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Lawyer: Mom charged with abusing son cleared by DCYF

The state Division of Children, Youth and Families has reversed its finding that Deborah Furst sexually assaulted her son after noting substantial inconsistencies in the child’s statements, according to a court filing by her lawyer. But the criminal case against the Epsom woman, which hinges on the word of that now 10-year-old boy, is continuing.

Furst’s attorney, Robert Hunt, said he has corresponded with the Merrimack County Attorney’s Office about the results of the DCYF appeal. He called it “surprising” that the office hasn’t considered dropping the criminal charges, mainly because the division has a much lower burden of proof than prosecutors will face at Furst’s trial.

“It’s an easier burden for (DCYF),” Hunt said. “They failed to meet it. That’s just a fact.”

But Merrimack County Attorney Scott Murray said prosecutors make decisions based on the evidence in front of them, not the decisions of other agencies. He called DCYF’s finding “irrelevant” to the charges brought by his office, which accuse Furst of abusing her son numerous times from 2006, when he was 3 years old, through November 2012.

Murray declined to say whether prosecutor Rachel Harrington has reviewed the division’s decision.

“I have no idea what DCYF based their decision on, who specifically made their decision,” Murray said. “We have to go on the basis of the evidence that’s presented to us by investigators.”

Furst, who worked as a tutor at New England College before the charges were brought, has been accused of touching her son’s buttocks and penis numerous times in Concord, Newbury and Bradford over a six-year period. Furst is the child’s stepmother; her wife legally adopted him.

The charges came in two batches, the first in September 2012 and then others following in January, after the boy sat down for another recorded interview with the Child Advocacy Center, the county office where minors are often interviewed in relation to criminal investigations, according to Hunt.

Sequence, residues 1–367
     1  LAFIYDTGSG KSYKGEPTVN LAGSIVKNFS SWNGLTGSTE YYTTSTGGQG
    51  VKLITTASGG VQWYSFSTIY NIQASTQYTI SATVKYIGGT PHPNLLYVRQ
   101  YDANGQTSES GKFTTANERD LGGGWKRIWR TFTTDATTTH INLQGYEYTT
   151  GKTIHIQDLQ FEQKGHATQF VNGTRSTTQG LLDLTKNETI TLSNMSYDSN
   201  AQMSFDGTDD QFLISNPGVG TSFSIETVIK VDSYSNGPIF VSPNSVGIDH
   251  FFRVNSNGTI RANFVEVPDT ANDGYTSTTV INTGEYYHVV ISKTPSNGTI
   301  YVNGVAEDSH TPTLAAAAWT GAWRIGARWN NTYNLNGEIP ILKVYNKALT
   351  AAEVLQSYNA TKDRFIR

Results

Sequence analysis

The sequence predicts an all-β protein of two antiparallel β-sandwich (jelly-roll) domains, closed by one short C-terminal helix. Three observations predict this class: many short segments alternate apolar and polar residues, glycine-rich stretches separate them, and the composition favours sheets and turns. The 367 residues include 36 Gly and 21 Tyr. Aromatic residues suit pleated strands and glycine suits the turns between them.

Hunt has previously called the timing of the accusations suspicious. And while he said he is barred from talking about the particulars due to a court order in Furst’s divorce proceeding, he has said before that the boy initially reported being abused just a few weeks after Furst filed for full custody of her two children.

Hunt has said in court that Furst’s estranged wife, Judy Parys, had sole custody of their children at that time.

Records from DCYF’s administrative appeals unit are not public, but Hunt referenced the process in a motion filed at Merrimack County Superior Court. He said the division issued a finding in July 2012 that Furst had sexually assaulted her son. That finding was appealed and reversed on April 2, according to Hunt, who wrote in his filing that the decision seemed to be heavily based on the inconsistent statements given by the child in his two recorded interviews with the Child Advocacy Center.

Those interviews have been submitted as possible evidence in Furst’s criminal proceeding, according to Hunt. He’s noted, though, that portions he believes would be favorable to Furst were redacted from a transcript provided by the prosecutor.

Hunt wants the jury to see the interviews in their entirety. And he’s asked a judge to give that permission prior to the start of the trial.

“We believe that a jury should be permitted to draw its own conclusions on whether the allegations are true based in part on the inconsistencies between the alleged victims’ two recorded statements and the questionable nature of some of the new allegations,” he said.

Harrington has yet to object to that motion, and Murray declined to say yesterday whether she planned to.

At a hearing last month, where Hunt was arguing for the right to depose Furst’s wife, the attorney told a judge that the boy’s story changed between the two interviews in relation to where the abuse happened. At first he said it happened in the same place each time, but later he claimed Furst also touched him at restaurants while Parys was present, according to Hunt.

The attorney said the indictments also accuse Furst of abusing the boy during a seven-month period when she had no contact with her son.

The case is scheduled to go to trial next month, though the prosecutor has filed a motion to push that date back. Hunt has objected, citing in his motion that the criminal matter has delayed Furst’s divorce case and caused her to experience “substantial anxiety.” He also said that as long as the divorce proceeding is halted, Furst’s son “will remain in the environment which, from (her) perspective, led him to make the false allegations.”

Hunt raised concern that the child will continue to be subjected to the “ongoing outside influence” that led to the accusations.

A judge has yet to rule on that motion.

(Tricia L. Nadolny can be reached at 369-3306 or or on Twitter @tricia_nadolny.)

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